New Albuterol Inhaler Approved: ProAir Respiclick

Roni Shye
Roni Shye, PharmD BCGP BCACP, is a licensed pharmacist in the states of Florida, Ohio, and Pennsylvania.
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Many of you may be familiar with ProAir HFA, one of three brand-only albuterol inhalers currently available. Now, the FDA has tentatively approved a new dry powder inhaler from TEVA pharmaceuticals that will be known as the ProAir Respiclick.

When the pharmaceutical company first filed their new drug application (NDA) for the medication, in July of 2014, it was going to be called ProAir Spiromax, but the name has since changed.

While the current ProAir inhaler uses a propellant to get your medication to you, the dry powder inhalers or DPIs work a little bit differently.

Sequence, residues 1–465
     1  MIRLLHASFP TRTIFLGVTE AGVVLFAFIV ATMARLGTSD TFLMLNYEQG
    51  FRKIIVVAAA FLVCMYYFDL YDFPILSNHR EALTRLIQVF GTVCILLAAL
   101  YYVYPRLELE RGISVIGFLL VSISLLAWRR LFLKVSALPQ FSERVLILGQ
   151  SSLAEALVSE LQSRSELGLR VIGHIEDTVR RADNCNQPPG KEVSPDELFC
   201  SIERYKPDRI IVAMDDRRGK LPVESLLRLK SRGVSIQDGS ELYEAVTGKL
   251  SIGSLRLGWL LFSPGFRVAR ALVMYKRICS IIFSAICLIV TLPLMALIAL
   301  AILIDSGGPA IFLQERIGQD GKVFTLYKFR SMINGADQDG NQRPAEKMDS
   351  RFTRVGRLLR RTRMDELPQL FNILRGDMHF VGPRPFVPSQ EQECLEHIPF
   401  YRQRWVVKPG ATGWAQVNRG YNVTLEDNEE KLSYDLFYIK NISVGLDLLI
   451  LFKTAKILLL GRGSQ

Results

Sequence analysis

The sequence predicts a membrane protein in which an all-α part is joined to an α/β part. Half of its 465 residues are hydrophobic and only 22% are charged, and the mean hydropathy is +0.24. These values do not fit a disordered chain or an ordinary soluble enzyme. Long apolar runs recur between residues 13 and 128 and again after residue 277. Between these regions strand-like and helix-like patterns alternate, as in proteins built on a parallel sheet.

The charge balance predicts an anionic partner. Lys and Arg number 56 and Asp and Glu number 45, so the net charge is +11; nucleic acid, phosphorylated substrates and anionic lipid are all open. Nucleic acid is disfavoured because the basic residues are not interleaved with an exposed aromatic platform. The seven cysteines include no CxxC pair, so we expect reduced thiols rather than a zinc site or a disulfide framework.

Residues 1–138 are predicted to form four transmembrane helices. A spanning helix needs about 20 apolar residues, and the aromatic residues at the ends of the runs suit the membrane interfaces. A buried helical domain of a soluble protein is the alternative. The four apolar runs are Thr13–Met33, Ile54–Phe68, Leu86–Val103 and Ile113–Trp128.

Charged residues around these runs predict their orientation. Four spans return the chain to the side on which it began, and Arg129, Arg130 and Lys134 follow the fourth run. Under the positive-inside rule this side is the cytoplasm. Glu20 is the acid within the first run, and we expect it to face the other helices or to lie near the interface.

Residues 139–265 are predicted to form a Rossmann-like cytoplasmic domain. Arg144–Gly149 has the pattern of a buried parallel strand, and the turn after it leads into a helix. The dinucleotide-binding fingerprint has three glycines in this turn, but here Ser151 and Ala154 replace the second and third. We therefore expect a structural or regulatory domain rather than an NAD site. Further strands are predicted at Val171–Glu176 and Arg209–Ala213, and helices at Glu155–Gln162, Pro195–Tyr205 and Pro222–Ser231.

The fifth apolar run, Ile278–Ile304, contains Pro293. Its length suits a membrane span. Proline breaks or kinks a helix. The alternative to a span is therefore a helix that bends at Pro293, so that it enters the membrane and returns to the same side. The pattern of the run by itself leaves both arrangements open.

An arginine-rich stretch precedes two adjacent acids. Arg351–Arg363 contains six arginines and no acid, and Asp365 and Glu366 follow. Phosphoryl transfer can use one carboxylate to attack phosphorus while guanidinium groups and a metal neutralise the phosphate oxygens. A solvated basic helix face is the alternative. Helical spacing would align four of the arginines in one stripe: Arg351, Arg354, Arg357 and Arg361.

What is a dry powder inhaler (DPI)?

A dry powder inhaler contains medication only in powder form. Dry powder inhalers do not use any propellant to help spray or disperse the medication into the lungs.

Dry powder inhalers rely on your ability to inhale the powder medication in order for it to be dispersed properly.

Several medications for asthma and chronic obstructive pulmonary disease (COPD) are available as DPIs, including:

What are some advantages to using a DPI?

For some, it may be easier to use. No hand-breath coordination is required, and you do not need to be able to depress the canister and inhale and the same time. DPIs also do not need to be primed before use, or after long periods without use.

What are some disadvantages to using a DPI?

DPIs may be more difficult to get the hang of at first if you’ve never used one before, and the initial instructions may be more challenging if you’re used to other types of inhaler.

You must be able to breathe the medication into your lungs rapidly on your own, and a DPI cannot be used with a spacer.

The devices may also differ between medications, which can be confusing.

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